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St. Felix of Valois – November 20

Prof. Plinio Corrêa de Oliveira

Biographical selection:

St. Felix of Valois (1126-1212) was a member of the royal family of France, the grandson of King Henry I. While carrying the future saint, his mother had a vision where she saw the Child Jesus holding a cross and another child holding a garland of flowers. The two boys traded their objects. The mother understood that the boy with the flowers was her son.

A painting of St. Felix of Valois

St. Felix of Valois
Because of troubles in the family, the young man left his home and went to the court, where he became a crusader to follow the King in the Crusade. During the preparatory training, the King fell from his horse and died. Felix approached the fallen monarch and ordered: “In the name of the Holy Trinity, arise.” Instantly the young King obeyed, alive and well.

During the Crusade Felix gave proof of his great courage and virtue. In the military quarters he maintained the austere life of a Cistercian religious. He was notable in all the battles he took part in.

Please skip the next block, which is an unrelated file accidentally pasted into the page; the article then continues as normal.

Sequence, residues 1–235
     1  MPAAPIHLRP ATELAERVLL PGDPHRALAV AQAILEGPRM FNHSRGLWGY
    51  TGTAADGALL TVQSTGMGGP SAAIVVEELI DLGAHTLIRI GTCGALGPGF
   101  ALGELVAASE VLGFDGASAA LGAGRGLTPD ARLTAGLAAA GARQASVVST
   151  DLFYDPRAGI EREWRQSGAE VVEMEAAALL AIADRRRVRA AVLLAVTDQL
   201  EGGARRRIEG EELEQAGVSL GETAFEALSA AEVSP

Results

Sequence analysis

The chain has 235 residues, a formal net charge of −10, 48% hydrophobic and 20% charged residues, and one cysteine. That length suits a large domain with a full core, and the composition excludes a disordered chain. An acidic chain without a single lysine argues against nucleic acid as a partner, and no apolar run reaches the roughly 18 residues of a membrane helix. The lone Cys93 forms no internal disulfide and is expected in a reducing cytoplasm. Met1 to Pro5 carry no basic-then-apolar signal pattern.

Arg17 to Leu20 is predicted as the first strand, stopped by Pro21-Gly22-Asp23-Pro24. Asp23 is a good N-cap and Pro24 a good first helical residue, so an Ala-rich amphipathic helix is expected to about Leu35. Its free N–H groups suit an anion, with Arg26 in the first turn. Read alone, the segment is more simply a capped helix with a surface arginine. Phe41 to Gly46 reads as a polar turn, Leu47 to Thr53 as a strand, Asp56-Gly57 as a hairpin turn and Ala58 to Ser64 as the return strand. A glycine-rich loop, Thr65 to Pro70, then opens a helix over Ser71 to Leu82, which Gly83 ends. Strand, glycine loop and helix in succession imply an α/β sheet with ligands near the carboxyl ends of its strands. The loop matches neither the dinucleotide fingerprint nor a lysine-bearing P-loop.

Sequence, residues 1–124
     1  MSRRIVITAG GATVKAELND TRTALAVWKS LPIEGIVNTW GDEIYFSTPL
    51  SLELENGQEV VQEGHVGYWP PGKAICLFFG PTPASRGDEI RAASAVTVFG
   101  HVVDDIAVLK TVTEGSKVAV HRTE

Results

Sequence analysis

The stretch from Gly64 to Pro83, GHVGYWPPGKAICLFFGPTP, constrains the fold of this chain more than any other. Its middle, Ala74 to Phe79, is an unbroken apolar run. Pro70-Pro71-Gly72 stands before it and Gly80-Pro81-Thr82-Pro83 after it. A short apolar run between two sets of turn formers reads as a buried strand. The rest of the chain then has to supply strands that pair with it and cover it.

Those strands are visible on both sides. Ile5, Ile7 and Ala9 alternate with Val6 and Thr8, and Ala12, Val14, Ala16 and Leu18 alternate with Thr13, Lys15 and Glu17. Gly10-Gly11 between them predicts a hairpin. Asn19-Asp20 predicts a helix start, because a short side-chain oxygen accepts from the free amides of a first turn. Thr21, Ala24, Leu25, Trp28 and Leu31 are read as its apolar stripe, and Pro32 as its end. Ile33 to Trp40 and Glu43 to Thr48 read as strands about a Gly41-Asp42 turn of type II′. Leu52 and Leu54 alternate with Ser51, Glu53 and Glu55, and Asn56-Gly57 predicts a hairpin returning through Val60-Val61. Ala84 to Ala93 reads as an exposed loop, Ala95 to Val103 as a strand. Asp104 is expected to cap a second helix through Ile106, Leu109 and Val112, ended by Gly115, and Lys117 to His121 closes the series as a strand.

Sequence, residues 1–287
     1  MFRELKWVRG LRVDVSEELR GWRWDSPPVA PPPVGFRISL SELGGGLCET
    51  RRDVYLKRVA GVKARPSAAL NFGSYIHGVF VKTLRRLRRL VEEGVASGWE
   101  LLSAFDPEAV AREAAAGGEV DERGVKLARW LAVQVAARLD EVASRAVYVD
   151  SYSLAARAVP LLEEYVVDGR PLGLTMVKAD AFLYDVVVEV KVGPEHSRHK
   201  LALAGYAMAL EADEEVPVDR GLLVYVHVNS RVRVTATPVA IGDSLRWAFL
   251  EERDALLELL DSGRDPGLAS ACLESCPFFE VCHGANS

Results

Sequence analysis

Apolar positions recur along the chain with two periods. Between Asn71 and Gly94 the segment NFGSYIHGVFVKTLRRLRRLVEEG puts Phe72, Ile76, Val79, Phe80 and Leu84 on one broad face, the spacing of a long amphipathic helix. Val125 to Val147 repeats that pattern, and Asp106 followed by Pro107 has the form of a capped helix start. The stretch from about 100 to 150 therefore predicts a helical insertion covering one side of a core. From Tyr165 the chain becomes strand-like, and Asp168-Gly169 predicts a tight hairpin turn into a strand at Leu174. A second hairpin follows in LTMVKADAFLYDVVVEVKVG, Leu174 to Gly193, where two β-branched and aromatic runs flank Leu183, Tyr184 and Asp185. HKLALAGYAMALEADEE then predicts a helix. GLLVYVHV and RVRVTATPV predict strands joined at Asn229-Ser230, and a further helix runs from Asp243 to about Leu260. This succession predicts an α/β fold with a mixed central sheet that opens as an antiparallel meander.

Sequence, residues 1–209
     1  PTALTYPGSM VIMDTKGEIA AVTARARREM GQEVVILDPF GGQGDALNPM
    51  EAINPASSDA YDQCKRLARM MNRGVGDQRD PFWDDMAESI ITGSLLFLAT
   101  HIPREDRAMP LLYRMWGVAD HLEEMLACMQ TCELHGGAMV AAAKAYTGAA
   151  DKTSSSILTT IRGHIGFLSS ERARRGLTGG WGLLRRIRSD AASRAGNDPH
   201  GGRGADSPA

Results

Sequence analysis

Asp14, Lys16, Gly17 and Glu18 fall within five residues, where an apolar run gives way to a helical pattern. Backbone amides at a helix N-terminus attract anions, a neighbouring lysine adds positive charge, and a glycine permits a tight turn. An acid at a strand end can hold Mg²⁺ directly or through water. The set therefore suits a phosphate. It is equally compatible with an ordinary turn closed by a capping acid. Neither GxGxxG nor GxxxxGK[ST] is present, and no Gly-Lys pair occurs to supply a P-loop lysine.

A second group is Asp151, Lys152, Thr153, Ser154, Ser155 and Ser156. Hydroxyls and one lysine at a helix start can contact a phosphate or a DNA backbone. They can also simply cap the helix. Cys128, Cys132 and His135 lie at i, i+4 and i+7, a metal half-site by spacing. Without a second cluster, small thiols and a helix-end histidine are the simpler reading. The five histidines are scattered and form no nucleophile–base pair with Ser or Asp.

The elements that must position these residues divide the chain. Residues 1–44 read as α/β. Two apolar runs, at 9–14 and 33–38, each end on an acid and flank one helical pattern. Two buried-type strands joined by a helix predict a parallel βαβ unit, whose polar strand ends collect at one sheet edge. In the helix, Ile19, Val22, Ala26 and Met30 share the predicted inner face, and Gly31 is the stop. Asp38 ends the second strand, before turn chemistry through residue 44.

When he returned to Paris he determined to give himself to God. Even though he was a close heir to the throne, he exchanged the fleur-de-lys of France for the cross of Our Lord and became a hermit. The vision of his mother was confirmed.

The fame of his sainthood spread and St. John of Matha sought him out for advice about founding the Order of the Trinitarians. St. Felix decided to join him in founding that order for the redemption of Catholic captives.

Comments of Prof. Plinio:

Let me give a summary of the situation of Europe at the time, mainly Spain and France, where the Trinitarian Order was founded.